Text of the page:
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Deonna, Julien A
Qu'est-ce qu'une émotion? English
The emotions : a philosophical introduction / Julien A. Deonna and Fabrice Teroni
London ; New York : Routledge, 2012
book jacket
Location Call Number Status
 3rd Floor  B105.E46 D46 2012    AVAILABLE
Subject(s) Emotions (Philosophy)
Mood (Psychology)
Thought and thinking
Physical Description xiii, 137 p. ; 24 cm
Note Originally published in French in 2008
Summary "The emotions are at the centre of our lives and, for better or worse, imbue them with much of their significance. The philosophical problems stirred up by the existence of the emotions, over which many great philosophers of the past have laboured, revolve around attempts to understand what this significance amounts to. Are emotions feelings, thoughts, or experiences? If they are experiences, what are they experiences of? Are emotions rational? In what sense do emotions give meaning to what surrounds us? The Emotions: A Philosophical Introduction introduces and explores these questions in a clear and accessible way. The authors discuss the following key topics: the diversity and unity of the emotions ; the relations between emotion, belief and desire ; the nature of values ; the relations between emotions and perceptions ; emotions viewed as evaluative attitudes ; the link between emotions and evaluative knowledge ; the nature of moods, sentiments, and character traits."--Publisher's website
Note Includes bibliographical references (p. [126]-133) and index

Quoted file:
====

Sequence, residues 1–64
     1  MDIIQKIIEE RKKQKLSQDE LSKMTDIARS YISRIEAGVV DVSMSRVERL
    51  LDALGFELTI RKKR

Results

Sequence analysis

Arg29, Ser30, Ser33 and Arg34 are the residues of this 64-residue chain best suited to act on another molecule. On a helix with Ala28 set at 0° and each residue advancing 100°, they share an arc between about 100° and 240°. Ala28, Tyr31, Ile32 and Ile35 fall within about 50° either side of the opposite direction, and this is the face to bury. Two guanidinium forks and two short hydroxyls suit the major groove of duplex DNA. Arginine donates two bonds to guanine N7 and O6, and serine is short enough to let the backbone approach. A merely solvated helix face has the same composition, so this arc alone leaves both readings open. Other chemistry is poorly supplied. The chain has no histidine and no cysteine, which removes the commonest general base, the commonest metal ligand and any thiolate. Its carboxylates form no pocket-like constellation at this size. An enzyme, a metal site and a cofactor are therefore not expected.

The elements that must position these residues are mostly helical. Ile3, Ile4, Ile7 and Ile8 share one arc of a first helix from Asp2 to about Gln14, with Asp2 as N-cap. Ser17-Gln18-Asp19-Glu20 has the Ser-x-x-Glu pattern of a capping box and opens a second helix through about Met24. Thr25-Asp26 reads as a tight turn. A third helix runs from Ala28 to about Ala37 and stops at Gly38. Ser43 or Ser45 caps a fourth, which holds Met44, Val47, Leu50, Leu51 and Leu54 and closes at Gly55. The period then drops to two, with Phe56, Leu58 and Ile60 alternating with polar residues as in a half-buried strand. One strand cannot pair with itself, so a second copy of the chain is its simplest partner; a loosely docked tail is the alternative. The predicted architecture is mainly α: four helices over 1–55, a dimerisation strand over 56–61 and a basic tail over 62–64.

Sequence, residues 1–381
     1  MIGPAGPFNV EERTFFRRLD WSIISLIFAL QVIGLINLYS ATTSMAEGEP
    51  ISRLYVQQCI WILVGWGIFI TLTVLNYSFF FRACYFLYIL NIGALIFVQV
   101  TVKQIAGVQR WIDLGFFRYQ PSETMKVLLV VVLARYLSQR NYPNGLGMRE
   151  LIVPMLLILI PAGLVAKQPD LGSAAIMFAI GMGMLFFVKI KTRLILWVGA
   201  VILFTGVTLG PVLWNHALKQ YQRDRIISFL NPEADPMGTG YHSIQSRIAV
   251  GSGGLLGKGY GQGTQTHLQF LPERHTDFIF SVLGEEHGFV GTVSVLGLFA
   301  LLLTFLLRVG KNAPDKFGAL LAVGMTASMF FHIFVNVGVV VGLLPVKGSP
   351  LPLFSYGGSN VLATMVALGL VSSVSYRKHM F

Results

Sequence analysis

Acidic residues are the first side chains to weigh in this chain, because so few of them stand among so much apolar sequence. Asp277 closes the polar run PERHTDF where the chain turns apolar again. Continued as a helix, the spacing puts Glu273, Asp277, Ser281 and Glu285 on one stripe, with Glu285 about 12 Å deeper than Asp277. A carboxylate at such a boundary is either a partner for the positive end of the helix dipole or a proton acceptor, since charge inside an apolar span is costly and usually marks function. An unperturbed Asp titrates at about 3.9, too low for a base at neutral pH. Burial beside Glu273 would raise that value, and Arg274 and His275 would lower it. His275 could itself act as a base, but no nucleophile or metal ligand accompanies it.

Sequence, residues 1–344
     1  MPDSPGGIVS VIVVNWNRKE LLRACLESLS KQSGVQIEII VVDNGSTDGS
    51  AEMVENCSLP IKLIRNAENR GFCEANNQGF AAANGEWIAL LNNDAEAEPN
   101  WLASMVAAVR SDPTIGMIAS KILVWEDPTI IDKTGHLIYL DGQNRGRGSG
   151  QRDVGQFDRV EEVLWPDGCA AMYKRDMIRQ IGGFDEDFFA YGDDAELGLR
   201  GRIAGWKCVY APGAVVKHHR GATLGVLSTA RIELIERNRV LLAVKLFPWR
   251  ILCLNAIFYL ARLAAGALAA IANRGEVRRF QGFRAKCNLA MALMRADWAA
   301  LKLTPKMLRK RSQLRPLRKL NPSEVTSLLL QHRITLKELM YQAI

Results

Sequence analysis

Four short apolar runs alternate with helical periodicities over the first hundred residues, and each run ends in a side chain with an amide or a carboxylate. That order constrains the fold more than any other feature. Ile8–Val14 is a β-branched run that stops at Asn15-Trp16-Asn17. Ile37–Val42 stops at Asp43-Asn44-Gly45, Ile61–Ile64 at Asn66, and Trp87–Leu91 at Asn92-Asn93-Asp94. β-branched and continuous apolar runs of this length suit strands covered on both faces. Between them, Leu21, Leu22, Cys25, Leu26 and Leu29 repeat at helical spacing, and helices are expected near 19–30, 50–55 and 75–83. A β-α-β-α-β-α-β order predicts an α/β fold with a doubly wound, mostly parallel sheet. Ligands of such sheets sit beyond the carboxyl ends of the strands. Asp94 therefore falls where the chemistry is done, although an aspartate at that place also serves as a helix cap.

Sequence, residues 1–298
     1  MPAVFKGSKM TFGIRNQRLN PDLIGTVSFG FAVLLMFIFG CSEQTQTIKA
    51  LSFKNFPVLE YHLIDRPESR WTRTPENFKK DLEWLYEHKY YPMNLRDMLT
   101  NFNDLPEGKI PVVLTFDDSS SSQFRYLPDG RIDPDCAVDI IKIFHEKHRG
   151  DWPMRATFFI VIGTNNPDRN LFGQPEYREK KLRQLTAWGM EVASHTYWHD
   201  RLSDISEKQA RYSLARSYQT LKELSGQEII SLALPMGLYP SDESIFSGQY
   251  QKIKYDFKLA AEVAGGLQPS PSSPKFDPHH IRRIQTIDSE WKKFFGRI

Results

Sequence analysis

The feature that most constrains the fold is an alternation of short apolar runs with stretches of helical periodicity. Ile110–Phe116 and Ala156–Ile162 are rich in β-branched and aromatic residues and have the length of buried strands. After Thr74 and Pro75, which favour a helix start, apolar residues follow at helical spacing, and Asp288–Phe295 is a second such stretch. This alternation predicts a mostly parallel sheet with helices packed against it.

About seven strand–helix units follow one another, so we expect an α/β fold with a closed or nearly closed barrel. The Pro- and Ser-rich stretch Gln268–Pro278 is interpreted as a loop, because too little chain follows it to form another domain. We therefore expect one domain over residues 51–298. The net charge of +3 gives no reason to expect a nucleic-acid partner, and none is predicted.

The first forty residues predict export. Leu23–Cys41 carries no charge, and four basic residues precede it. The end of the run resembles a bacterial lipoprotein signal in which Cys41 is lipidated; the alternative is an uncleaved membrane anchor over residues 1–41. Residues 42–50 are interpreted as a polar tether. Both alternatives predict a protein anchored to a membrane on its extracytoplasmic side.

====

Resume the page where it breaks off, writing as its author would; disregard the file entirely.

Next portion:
Contents Homing in on the emotions: Phenomenology ; Intentionality ; Epistemology ; Emotions with the affective domain ; Conclusion -- The diversity and unity of emotions: Positive and negative emotions ; Conscious and unconscious emotions ; Other distinctions ; Basic emotions ; Emotions: unity or diversity? ; Unity regained ; Conclusion -- Emotions, beliefs, and desires: Emotions and beliefs ; The mixed theory ; The desire satisfaction/frustration approach ; Conclusion -- Introducing values: Emotions and values ; Subjectivism about values ;Fitting attitude analysis ; Forms of value realism ; Conclusion -- Emotions as value judgments: The evaluative judgment theory ; The add-on strategy ; Emotions as constructions ; Conclusion -- Perceptual theories of the emotions: James's theory ; Emotions as direct perceptions of values ; Emotions as indirect perceptions of values ; Conclusions -- The attitudinal theory of emotions: Attitudes and contents ; Emotions as felt bodily attitudes ; Virtues of the theory ; Intentionality and phenomenology -- Emotions and their justification: Why-questions: perceptions vs. emotions ; Value judgments and value intuitions ; Back to why-questions ; Justified emotions ; Bridging the gaps ; Conclusion -- The nature and role of affective explanations: Moods and temperaments ; Character traits and sentiments ; Desires ; Limits on the negative epistemological role of motivational states ; A positive epistemological role for motivational states? ; Conclusion -- The importance of emotions: From justified emotions to justified evaluative judgments ; Emotions and emotional sensitivity ; Emotions and understanding ; Conclusion
Language Translated from the French
Alternate Author Teroni, Fabrice

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